Zero Ohm Resistor – Definition, Working, Symbol, Types, Uses & Characteristics

Define Zero Ohm Resistor

What Are Zero-Ohm Resistors?

A zero ohm resistor is a zero resistance passive component which is used as a jumper in PCBs (Printed Circuit Boards). Practically, a zero ohm resistor has a resistance which will range from 10 to 50 m Ω. The zero ohm resistors are generally marked with a single zero “0” or three zeros “000”.

What do you Mean by Resistors?

As we all know that resistor is a device that restricts the flow of current to a certain level. High resistance value resistors will restrict more current than the low resistance value resistors. For example, a 4.7 K resistor will restricts more current whereas a 100 Ω resistor will restricts less current. Light emitting diodes (LEDs), transistors and other semiconductor devices are very sensitive to electric current; too much current will destroy them, but too little current prevents them from working properly. A resistor of the correct value placed in the circuit allows Light emitting diodes (LEDs), transistors and other semiconductor devices to work in the electric current range that suits them best.
But what about the zero ohm resistors which has almost zero resistance. Zero ohm resistors can’t restrict the flow of current then what’s the use of it in a circuit. A zero ohm resistor can’t restrict the flow of current. So it cannot be used as a regular resistor. A zero ohm resistor is used in PCBs (Printed Circuit Boards) for a special purpose.

What is the purpose of using zero ohm resistors?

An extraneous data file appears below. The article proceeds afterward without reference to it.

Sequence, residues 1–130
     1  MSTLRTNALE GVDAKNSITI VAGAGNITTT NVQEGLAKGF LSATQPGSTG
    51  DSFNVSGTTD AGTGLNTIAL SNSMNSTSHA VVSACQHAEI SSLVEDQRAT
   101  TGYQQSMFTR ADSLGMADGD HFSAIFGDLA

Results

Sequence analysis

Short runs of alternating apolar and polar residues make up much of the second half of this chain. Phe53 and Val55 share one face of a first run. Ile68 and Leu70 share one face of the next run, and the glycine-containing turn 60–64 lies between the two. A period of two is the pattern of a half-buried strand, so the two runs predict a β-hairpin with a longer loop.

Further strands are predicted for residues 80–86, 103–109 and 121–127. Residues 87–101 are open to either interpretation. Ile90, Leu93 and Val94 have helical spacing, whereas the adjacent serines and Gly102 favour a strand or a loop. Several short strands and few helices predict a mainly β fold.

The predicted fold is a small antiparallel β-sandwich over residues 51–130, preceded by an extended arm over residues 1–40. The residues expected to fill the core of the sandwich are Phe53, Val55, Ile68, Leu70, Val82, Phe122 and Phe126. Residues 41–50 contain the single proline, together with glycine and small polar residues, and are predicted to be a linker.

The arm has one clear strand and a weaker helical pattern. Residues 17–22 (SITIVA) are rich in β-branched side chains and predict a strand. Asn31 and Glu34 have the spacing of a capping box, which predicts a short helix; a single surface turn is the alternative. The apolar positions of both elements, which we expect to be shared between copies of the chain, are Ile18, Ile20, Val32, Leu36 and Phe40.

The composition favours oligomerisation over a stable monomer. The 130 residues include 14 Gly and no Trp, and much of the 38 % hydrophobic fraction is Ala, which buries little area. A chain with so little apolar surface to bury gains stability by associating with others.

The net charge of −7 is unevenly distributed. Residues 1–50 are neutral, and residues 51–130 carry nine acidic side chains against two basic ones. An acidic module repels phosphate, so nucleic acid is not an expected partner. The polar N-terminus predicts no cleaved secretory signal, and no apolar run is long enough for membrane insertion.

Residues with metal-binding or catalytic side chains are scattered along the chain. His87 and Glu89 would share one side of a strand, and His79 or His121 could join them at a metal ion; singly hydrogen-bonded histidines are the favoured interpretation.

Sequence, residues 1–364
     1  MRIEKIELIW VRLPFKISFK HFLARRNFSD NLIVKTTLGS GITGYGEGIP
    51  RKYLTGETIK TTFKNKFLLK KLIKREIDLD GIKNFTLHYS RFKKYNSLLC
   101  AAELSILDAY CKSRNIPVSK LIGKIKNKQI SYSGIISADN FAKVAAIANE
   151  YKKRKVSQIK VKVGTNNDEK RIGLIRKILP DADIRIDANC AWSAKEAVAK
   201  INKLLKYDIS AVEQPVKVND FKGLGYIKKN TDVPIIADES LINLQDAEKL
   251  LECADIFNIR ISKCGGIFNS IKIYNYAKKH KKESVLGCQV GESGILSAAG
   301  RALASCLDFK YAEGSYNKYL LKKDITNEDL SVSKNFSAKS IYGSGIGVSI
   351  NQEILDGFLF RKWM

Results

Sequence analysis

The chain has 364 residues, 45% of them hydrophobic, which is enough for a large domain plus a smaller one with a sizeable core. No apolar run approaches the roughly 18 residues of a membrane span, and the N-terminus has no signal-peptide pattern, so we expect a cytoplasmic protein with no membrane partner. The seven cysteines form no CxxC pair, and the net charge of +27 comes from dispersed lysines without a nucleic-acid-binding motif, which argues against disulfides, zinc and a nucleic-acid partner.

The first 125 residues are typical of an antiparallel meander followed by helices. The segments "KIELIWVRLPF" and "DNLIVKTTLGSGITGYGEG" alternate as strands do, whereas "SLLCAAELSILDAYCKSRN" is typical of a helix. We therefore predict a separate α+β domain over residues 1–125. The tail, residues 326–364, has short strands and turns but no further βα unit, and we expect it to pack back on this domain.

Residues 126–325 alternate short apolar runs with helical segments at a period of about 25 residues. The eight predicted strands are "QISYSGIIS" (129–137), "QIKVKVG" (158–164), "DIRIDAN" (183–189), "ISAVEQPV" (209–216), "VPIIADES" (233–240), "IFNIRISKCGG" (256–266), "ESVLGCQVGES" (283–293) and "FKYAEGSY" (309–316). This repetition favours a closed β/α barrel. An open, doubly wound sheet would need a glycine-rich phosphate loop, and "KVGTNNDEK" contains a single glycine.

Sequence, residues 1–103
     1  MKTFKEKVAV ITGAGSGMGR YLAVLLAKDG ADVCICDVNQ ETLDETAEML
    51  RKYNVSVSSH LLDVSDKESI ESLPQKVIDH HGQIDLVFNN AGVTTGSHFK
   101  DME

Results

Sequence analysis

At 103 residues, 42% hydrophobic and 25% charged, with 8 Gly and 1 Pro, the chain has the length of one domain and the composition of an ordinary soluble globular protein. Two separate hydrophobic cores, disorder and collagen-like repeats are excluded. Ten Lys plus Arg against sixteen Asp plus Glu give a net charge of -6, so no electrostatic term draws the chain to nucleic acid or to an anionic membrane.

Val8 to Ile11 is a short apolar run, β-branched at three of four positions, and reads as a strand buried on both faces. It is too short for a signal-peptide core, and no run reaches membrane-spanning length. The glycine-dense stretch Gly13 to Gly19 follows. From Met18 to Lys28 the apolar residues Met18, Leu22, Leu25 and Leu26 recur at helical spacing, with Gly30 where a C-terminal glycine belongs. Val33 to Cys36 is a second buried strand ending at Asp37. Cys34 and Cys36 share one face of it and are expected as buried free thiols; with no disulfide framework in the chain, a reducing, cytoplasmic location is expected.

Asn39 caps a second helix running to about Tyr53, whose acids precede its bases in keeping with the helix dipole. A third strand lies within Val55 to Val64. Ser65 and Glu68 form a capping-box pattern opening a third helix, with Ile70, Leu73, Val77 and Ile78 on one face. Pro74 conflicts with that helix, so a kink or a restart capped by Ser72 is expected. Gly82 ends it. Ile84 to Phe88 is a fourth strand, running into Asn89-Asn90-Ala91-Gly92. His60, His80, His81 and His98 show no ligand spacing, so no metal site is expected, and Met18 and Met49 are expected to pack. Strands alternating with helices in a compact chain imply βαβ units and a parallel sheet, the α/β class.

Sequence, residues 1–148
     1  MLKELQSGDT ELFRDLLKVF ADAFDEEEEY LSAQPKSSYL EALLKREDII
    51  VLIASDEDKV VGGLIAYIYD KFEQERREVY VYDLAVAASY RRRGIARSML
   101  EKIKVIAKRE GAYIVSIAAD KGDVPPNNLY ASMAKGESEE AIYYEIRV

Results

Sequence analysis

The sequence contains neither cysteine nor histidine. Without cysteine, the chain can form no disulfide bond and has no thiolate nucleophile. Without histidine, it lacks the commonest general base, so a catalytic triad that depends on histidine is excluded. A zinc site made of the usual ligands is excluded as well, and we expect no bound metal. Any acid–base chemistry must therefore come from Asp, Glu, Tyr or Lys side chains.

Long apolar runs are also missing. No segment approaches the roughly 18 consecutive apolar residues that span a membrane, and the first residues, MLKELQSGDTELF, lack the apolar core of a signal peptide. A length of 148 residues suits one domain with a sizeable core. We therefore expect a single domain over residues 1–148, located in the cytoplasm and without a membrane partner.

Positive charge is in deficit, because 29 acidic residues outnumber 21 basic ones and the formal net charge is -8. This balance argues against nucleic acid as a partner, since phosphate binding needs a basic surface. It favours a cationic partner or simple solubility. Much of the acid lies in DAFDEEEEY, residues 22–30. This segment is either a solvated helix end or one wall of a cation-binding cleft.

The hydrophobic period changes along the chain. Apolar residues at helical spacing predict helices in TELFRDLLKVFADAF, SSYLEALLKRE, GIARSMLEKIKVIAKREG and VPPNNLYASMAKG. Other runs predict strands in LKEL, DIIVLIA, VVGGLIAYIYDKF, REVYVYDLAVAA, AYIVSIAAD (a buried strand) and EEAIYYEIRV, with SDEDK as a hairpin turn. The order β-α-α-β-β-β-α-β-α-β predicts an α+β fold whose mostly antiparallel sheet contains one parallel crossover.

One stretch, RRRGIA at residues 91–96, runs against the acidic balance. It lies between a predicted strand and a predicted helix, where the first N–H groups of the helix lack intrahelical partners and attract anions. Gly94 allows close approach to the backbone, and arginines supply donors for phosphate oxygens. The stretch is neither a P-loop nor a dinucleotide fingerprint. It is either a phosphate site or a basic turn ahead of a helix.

Why Do You Need Zero Ohm Resistors?

In most of the PCBs (printed Circuit Boards), components such as resistors, capacitors, diodes etc are inserted by using automatic insertion machines rather than manually by humans. However, it is not possible to insert jumpers by using automatic insertion machines. A separate jumper wire machine is needed to insert jumper wires or the jumper wires had to be inserted manually by a person. It would be more costly to purchase a jumper wire machine just to insert a single component (jumper). It would take more time to insert jumper manually by a person. The simplest solution is to use zero ohm resistor.
As we know jumper is used to close or open part of an electronic circuit. The zero ohm resistor also does the same thing. So the zero ohm resistor behave like a jumper in PCB. Therefore, the zero ohm resistor can replace the jumper.
Zero ohm resistors can be inserted easily by using automatic insertion machines just like we insert other components such as capacitors, diodes, etc.

What are the Main Advantages of Zero-Ohm Resistors?

There are certainly other ways of accomplishing this type of functionality, and the use of zero-ohm resistors might seem rather primitive. An SPDT mechanical switch would do the trick, or you could try a voltage-controlled implementation based on solid-state switches or MEMS switches. You might even consider adding a clever circuit that attempts to detect the voltage amplitude and route the signal accordingly. The fact is, though, that in some situations it is hard to beat the simplicity, low cost, and excellent electrical performance offered by the zero-ohm resistor.
Other solutions introduce various complications: high on-state resistance, distortion caused by input-voltage-dependent variations in on-state resistance, human error when setting the switch position, additional debugging and testing of firmware, and so forth.
Zero-ohm resistors are effective, reliable, inexpensive, and fully compatible with automated assembly.

The zero-ohm resistor is an excellent example of a component whose function seems unnecessary at first, and perhaps even useless. However, it is quite useful for designers who are aware of it and understand how it can help solve circuit and layout problems at very low cost with no or minimal complications. For those reasons, vendors offer them in various configurations.

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